regular-article-logo Tuesday, 27 February 2024

Supreme Court dismisses plea against transfer of Gyanvapi case from one court to another in high court

The single-judge bench was hearing the plea challenging the maintainability of a suit seeking restoration of a temple at the site where the Gyanvapi mosque exists in Varanasi

PTI New Delhi Published 03.11.23, 12:27 PM
Gyanvapi mosque

Gyanvapi mosque File

The Supreme Court on Friday dismissed the Anjuman Intezamia Masjid Committee's plea challenging the Allahabad High Court chief justice's decision to withdraw the Gyanvapi case from a single-judge bench that was hearing it since 2021.

The single-judge bench was hearing the plea of Anjuman Intezamia Masjid Committee (AIMC), which mages the affairs of the Gyanvapi mosque, challenging the maintainability of a lawsuit for restoration of a temple at the mosque site in Varanasi.


“Dismissed,” a bench comprising Chief Justice D Y Chandrachud and Justices J B Pardiwala and Manoj Misra said after hearing the submissions of senior advocate Huzefa Ahmadi, who represented the mosque committee.

“We should not interfere with the order of the chief justice of the high court...In high courts, it is a very standard practice. This must lie in the realm of the chief justice of the high court,” the bench said.

The AIMC also challenged the withdrawal of the case from the single judge bench of Justice Prakash Padia. The case has now been assigned to a bench headed by Chief Justice Pritinker Diwaker of the high court through an administrative decision.

At the outset, Ahmadi said the earlier single judge bench had completed the hearing and was to pronounce the judgement on August 25. The very same day, the chief justice of the high court withdrew the case from the bench on the grounds of change in roster.

The senior lawyer said though it was not open for a litigant to choose as to which bench would hear a case, he was raising the issue as the transfer amounted to “abuse of judicial process”. The single judge had been hearing the case since 2021, he added.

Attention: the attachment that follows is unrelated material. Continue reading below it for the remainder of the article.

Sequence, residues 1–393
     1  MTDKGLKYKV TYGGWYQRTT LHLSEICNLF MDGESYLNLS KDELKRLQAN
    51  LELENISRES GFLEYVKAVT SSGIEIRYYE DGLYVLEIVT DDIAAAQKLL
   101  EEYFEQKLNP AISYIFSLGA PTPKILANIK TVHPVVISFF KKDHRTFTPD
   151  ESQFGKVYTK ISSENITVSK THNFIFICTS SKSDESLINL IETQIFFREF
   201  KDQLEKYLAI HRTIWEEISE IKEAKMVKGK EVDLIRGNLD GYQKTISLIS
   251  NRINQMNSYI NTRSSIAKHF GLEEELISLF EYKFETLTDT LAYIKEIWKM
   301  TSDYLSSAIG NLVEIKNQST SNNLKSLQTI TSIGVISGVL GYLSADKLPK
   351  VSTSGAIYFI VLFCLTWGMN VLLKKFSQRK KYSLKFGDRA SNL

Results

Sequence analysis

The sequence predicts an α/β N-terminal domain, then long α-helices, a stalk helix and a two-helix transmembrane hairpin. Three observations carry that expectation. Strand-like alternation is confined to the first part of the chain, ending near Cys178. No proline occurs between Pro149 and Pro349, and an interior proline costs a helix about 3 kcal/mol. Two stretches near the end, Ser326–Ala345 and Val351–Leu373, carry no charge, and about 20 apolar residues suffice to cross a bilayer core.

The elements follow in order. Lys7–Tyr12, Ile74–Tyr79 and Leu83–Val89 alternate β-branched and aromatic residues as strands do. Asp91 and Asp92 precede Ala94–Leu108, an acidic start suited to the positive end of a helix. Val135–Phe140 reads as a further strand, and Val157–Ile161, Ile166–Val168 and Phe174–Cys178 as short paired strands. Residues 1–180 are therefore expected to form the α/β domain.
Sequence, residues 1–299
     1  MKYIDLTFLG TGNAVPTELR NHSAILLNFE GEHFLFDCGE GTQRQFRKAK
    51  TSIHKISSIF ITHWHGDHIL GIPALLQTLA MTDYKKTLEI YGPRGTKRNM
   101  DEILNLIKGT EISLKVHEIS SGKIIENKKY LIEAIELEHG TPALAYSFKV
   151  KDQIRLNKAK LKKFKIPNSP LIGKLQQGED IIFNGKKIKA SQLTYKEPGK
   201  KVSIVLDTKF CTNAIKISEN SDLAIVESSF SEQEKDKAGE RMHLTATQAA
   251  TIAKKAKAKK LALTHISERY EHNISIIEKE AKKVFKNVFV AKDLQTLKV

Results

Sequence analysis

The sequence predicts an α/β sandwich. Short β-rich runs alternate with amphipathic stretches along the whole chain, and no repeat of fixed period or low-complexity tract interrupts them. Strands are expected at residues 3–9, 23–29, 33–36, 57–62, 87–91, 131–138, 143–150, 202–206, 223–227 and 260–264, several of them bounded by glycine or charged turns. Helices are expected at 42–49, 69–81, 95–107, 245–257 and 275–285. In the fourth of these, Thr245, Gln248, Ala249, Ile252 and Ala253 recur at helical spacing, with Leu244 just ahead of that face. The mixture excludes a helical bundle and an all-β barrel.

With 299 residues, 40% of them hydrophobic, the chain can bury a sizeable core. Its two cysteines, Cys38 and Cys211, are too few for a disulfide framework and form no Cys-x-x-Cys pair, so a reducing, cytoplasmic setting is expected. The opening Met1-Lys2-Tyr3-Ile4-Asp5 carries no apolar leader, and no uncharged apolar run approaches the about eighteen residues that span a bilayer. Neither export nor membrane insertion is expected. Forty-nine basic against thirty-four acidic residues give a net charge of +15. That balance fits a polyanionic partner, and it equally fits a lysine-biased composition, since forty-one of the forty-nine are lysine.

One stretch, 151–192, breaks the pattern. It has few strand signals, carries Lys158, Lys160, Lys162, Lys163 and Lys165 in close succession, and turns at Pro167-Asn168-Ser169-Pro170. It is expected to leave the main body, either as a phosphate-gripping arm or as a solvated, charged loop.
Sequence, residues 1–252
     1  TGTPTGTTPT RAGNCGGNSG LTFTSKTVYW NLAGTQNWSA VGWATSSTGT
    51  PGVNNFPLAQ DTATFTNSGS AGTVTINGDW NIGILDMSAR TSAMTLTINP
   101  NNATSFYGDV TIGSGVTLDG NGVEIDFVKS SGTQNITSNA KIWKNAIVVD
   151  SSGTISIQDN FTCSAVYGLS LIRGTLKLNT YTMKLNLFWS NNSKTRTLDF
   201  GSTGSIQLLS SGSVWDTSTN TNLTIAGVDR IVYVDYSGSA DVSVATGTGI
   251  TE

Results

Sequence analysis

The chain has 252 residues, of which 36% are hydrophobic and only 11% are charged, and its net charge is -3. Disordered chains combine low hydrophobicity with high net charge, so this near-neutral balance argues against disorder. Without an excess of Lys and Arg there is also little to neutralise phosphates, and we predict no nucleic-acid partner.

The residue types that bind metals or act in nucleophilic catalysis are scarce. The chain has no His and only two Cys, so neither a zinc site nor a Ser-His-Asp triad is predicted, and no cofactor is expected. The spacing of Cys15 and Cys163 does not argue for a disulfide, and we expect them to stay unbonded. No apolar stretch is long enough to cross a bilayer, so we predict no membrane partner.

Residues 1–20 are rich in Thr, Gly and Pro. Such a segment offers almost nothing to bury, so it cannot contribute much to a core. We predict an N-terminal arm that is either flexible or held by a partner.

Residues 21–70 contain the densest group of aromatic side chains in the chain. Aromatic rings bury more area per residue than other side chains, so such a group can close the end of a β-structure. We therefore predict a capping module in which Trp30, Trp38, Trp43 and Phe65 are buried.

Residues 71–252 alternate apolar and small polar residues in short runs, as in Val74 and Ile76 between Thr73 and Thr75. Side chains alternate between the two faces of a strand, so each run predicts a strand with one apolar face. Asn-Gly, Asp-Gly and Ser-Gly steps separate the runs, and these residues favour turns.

The CJI then referred to certain aspects of the order of the chief justice of the high court and said he did not want to read it in an open court.

"Look at what the learned Chief Justice said in the last three lines...we do not want to read it in open court.. This is extraordinary. Never happened. We will leave it at that. I don't want to say much...,” the CJI said.

The CJI was apparently referring to the fact that the case files were retained in the judge’s chamber and never sent back to the high court registry.

"If we don't trust persons in charge in HCs where will the system go,” the CJI said.

On October 30, the high court adjourned the hearing till November 8 on the AIMC petition which has challenged the maintainability of a suit seeking restoration of a temple at the site in Varanasi where the Gyanvapi mosque stands.

When the case was taken up, the AIMC told the high court it had filed a Special Leave Petition before the Supreme Court against the order of the chief justice of the high court to withdraw the case from the single-judge bench that had been hearing the matter.

The HC chief justice, while giving reasons for the order dated September 18, 2023, which has been challenged before the Supreme Court, stated that the decision was taken on the administrative side in the “interest of judicial propriety, judicial discipline, and transparency in the listing of cases".

The AIMC petition also challenges a Varanasi court's direction to the Archaeological Survey of India (ASI) to conduct a comprehensive survey of the Gyanvapi mosque. The order was passed on April 8, 2021.

A Varanasi court on November 2 granted the ASI time till November 17 for submitting its survey report. The ASI told the court it has completed the survey of the Gyanvapi mosque complex but needed more time to draft the report. The ASI was to submit the report of the survey by November 6.

Except for the headline, this story has not been edited by The Telegraph Online staff and has been published from a syndicated feed.

Follow us on: